Ancient Plants – Appendix I


In order to obtain the best possible results from an expedition, it is well to go fossil hunting in a party of two, four, or six persons. Large parties tend to split up into detachments, or to waste time in trying to keep together.

Each individual should have strong suitable clothes, with as many pockets arranged in them as possible. The weight of the stones can thus be distributed over the body, and is not felt so much as if they were all carried in a knapsack. Each collector should also provide himself with:

A satchel or knapsack, preferably of leather or strong canvas, but not of large size, for when the space is limited selection of the specimens is likely to be made carefully.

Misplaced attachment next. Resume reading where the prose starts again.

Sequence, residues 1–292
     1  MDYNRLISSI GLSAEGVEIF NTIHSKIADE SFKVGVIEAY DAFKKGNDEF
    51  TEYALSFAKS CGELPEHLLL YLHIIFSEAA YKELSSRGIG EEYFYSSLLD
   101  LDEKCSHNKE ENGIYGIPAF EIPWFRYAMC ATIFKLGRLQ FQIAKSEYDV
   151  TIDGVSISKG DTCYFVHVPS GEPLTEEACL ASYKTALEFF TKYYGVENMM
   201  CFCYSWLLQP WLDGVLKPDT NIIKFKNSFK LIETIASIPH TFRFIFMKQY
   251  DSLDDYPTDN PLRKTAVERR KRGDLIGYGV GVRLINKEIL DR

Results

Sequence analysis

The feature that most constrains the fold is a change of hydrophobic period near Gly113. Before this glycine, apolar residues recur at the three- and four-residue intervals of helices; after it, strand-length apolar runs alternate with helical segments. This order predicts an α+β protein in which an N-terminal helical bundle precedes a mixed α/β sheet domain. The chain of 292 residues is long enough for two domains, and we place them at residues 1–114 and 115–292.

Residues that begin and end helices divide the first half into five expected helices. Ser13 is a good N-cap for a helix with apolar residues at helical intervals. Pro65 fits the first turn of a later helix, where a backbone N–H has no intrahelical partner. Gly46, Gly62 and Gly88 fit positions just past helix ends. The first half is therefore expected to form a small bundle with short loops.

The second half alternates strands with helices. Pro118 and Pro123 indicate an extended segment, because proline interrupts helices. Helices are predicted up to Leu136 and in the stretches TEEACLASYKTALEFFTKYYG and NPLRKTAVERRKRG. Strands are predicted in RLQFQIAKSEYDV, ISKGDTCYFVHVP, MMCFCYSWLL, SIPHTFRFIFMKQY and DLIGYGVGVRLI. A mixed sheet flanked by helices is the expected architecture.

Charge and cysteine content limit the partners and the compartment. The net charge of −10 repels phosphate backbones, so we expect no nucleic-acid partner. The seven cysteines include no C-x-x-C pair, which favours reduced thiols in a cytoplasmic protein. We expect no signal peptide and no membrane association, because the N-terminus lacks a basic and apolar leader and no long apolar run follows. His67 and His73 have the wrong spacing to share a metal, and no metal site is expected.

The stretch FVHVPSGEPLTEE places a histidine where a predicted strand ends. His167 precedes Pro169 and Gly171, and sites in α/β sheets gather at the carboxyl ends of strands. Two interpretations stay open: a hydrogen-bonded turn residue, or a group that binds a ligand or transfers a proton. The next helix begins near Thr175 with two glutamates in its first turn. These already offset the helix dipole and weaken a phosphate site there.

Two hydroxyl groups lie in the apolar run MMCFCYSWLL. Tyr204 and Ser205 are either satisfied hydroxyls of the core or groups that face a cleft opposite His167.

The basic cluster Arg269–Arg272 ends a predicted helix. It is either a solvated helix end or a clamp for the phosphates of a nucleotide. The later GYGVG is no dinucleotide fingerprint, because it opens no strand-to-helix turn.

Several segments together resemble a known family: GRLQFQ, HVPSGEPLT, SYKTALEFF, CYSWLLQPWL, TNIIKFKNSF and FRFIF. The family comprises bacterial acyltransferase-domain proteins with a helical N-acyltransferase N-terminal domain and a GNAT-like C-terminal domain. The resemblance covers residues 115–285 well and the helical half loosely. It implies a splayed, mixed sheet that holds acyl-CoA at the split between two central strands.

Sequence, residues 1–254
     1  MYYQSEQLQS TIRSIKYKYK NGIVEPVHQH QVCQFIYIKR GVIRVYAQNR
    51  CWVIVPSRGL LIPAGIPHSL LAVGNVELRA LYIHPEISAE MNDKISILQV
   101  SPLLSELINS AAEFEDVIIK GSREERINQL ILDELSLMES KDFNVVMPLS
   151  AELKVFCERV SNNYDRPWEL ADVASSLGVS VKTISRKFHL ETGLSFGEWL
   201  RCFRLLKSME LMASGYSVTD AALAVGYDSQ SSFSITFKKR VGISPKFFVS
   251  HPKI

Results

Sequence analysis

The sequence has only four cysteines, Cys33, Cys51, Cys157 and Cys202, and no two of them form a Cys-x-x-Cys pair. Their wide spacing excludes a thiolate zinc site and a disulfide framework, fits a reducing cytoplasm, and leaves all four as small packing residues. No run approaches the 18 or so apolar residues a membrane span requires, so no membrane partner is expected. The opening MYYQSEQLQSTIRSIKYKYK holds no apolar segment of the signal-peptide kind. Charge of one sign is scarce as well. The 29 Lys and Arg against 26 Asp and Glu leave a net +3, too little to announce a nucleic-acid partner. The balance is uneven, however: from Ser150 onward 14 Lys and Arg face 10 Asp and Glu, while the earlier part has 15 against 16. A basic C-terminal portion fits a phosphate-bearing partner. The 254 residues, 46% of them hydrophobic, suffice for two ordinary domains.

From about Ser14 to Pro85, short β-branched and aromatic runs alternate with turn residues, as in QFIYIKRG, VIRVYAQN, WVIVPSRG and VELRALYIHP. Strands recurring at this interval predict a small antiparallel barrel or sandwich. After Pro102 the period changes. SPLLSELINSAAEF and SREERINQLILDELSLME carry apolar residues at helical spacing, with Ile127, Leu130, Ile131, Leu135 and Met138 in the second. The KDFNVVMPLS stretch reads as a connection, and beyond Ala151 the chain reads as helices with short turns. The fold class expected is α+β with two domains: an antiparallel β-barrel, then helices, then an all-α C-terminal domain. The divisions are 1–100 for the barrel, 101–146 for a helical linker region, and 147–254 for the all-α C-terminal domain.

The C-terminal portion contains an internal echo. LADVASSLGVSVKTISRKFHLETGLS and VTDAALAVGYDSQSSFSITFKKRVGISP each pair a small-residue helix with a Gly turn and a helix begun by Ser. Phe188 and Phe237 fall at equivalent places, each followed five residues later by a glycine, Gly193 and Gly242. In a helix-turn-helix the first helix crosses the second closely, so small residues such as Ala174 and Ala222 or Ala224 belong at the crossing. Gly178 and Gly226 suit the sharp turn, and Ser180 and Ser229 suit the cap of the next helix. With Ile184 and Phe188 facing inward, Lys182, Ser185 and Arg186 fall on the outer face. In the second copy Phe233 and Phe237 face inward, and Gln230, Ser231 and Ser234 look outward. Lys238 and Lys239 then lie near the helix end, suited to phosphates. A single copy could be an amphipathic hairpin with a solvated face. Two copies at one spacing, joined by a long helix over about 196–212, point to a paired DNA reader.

One or two hammers. If only one is carried, it should be of a fair size with a square head and strong straight edge.

One chisel, entirely of metal, and with a strong straight cutting edge.

Soft paper to wrap up the more delicate fossils, in order to prevent them from scraping each other’s surfaces; and one or two small cardboard boxes for very fragile specimens.

A map of the district (preferably geologically colored). Localities should be noted in pencil on this, indicating the exact spot of finds. For general work the one-inch survey map suffices, but for detailed work it is necessary to have the six-inch maps of important districts.

A small notebook. Few notes are needed, but those few must be taken on the spot to be reliable.

A pencil or fountain pen, preferably both.

A penknife, which, among other things, will be found useful for working out very delicate fossils.